Former Ashes winner Paul Collingwood believed the retention of Curran highlighted a “huge shift in mentality”. He added: “England are basing their decisions on the surface. They’re not looking too far ahead. It’s a huge mental shift.”
So, what does this mean for Broad? Being discarded in Sri Lanka would have dented the ego, but it was a difficult decision vindicated. Seamers would play a peripheral role, with Curran and Stokes offering ample support to ultra-reliable Jimmy, with the spin trio running the show. The Nottinghamshire quick’s marginalisation in Barbados would have cut a deeper scar.
The crux of the matter is that England have too many players who don’t deserve to be left out.
When wisden.com staff picked their England team for the first Test, there were disagreements in the spin and seam department, while two writers dumped Jonny Bairstow, who scored a ton in his last Test match whilst being trialled at first drop. Chris Woakes – a man whose all-round talents would improve most international sides – didn’t get a mention. Not a word. Sorry pal.
In the aftermath of their cultural review, Australia have been criticised for picking players with “energy”, “elite honesty” and all that jazz, rather than picking their best side. Did England pick their best team at the Kensington Oval?
The Stuart Broad chat on Twitter has gone quiet in the last hour.
— ToffeeDoug (@toffeedoug) January 23, 2019
The dilemma doesn’t end with Broad versus Curran or Rashid. Phil Walker, editor-in-chief of Wisden Cricket Monthly, blames the selection headache on another Surrey upstart. “Ben Foakes has mucked it all up,” he wrote. “Just when England’s thinktank thought they’d finally cracked it – [Jos] Buttler recalled, Bairstow keeping the mitts, that Curran boy running amok and [Ben] Stokes back in at the gun spot at No.5 – a ‘wicketkeeper’ swings by, with faster hands than Dirty Harry and hair to die for, and throws it all off again.”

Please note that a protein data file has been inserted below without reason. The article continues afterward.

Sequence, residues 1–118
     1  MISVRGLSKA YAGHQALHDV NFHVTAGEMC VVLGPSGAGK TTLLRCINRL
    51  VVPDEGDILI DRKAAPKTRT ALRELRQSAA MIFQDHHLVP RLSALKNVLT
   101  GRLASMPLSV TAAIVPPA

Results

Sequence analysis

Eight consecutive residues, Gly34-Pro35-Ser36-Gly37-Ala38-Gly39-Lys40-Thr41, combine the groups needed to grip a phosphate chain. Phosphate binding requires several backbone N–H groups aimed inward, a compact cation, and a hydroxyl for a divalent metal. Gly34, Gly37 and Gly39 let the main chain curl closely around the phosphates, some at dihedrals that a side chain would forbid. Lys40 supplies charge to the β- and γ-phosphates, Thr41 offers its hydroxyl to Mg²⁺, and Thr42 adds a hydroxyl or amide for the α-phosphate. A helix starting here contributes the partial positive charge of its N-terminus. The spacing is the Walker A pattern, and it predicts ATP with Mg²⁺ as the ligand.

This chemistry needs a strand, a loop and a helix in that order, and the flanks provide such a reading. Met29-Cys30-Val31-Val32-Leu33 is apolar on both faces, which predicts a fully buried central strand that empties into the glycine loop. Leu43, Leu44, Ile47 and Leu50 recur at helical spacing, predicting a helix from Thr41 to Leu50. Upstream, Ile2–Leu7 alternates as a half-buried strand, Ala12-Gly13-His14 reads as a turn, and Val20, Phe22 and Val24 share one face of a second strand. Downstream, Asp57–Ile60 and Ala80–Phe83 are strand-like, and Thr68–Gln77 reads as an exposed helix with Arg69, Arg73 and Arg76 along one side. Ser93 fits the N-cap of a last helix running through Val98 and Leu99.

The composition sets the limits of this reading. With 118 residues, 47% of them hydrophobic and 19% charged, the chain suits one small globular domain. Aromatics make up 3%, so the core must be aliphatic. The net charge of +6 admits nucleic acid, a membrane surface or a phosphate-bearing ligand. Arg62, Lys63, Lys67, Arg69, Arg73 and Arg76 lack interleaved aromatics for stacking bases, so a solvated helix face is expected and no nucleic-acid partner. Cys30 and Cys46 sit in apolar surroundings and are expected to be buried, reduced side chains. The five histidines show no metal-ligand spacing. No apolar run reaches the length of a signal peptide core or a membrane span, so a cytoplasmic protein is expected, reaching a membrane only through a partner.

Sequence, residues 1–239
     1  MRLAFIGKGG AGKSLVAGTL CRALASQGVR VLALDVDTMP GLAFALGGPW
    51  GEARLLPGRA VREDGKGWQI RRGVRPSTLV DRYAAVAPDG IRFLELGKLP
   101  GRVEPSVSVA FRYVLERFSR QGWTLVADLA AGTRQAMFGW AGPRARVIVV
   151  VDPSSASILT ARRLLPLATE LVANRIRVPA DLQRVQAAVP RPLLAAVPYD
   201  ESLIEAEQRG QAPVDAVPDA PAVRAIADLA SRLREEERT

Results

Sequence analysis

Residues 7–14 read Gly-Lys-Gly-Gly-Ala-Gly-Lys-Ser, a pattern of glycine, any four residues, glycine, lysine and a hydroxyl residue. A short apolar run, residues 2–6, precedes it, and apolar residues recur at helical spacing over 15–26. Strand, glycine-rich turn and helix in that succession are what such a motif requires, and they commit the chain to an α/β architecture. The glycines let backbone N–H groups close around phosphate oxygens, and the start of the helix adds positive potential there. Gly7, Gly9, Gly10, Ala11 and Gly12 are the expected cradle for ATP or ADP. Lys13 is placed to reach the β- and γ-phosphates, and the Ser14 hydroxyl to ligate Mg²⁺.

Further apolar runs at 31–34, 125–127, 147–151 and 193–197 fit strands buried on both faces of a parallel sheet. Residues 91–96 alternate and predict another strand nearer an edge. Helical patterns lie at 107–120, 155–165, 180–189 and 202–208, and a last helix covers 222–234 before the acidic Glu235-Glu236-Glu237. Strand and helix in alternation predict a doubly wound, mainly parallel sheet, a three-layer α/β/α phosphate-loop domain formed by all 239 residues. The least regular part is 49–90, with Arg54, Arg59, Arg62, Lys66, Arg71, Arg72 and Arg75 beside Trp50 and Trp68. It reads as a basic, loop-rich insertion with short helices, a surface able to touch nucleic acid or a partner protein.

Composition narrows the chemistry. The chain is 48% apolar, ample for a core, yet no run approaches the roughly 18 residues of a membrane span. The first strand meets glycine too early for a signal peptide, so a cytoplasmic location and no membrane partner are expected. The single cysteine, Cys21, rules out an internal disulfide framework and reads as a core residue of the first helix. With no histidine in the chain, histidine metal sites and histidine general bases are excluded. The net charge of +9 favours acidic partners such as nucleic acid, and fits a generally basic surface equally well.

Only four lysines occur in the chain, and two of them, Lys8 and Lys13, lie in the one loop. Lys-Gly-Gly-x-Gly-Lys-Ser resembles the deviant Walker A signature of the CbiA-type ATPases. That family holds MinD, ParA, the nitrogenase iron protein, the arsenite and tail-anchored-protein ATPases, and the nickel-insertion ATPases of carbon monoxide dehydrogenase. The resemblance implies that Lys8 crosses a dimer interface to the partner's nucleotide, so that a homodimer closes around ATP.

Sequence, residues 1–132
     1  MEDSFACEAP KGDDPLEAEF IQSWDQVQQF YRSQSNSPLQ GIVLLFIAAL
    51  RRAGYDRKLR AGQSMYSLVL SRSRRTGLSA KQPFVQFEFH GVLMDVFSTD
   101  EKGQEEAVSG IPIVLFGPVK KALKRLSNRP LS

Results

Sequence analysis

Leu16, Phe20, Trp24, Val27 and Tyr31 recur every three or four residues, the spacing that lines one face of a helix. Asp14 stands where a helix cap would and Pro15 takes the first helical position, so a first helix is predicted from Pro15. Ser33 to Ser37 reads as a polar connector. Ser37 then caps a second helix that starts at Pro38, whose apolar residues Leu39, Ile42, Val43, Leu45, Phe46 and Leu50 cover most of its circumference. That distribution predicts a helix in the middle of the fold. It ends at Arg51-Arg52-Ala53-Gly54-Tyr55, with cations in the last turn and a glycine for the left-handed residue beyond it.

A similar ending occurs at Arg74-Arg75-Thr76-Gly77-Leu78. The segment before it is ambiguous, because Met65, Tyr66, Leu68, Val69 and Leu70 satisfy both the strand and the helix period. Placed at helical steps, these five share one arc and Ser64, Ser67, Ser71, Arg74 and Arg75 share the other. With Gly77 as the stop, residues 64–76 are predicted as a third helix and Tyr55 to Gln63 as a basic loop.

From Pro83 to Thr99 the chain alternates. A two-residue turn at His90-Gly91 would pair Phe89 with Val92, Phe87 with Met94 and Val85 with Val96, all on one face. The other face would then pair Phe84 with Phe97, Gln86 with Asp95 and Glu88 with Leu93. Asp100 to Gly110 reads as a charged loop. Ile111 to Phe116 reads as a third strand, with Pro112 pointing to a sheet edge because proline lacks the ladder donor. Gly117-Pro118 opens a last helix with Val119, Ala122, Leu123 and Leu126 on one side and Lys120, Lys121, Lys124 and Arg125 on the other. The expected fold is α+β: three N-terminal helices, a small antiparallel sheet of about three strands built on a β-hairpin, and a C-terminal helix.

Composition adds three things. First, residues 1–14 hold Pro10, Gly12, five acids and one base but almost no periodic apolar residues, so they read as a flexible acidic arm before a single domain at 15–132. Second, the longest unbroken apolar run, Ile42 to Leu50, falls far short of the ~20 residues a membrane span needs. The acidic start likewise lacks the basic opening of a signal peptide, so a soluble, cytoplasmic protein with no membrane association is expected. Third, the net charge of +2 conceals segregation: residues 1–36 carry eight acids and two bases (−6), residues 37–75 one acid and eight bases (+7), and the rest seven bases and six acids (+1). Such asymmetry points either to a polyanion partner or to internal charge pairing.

Hussain weighed in yesterday: “The three wicketkeeper-batsmen are causing England a few headaches … probably one of them shouldn’t play.”
After a debut ton and exceptional glovework in Sri Lanka, Foakes is another player seemingly undroppable. Leave Foakes out and you remove your best ‘keeper. Since Ed Smith launched his New England with the Test recall of Jos Buttler, he’s not been let down, while England are looking to Bairstow to plug the No.3 hole.
Bairstow can’t keep and bat three – former England stumper Alec Stewart admitted last night it would be near impossible. Drop Bairstow now and you’re likely to bring in another No.3 batsman, but is there a better bet at first drop right now? Maybe you’d replace Buttler or Bairstow with a bowler? As Hussain opined, “Curran is wasted at eight or nine”. But then you’d have to move either Stokes or Root to first drop – the skipper’s happy where he is, and bumping up Stokes would raise the question of workload. There are no easy solutions.
By being plush with all-rounders are England marginalising the specialist? Broad’s non-selection is a blow to all devotees of a single art. It reflects England’s shift towards a greater emphasis on variation in attack, all-round abilities and horses for courses selection, permitted by a plethora of all-rounders. Curran, Rashid and their all-round talents have four days left to prove the selectors right.
England have a bowling line-up for all occasions and 14 players that warrant selection, and it’s causing tensions. When the supposedly “castigated” Bairstow celebrated his comeback ton in Colombo, for a few moments his face matched the redness of his hair. Here was a man angry that he had been discarded for the second Test, revengeful in triumph.
Curran for Broad, Rashid for Leach: in both cases England picked the option that brought variety to the attack and deepened the batting. In previous years, dropping Broad – and your tallest bowler in Barbados – wouldn’t have been entertained, but in having the luxury to deliberate, they have arguably made the wrong call. On day one, when Jimmy and Stokes made the ball spit off a length, that certainly looked the case.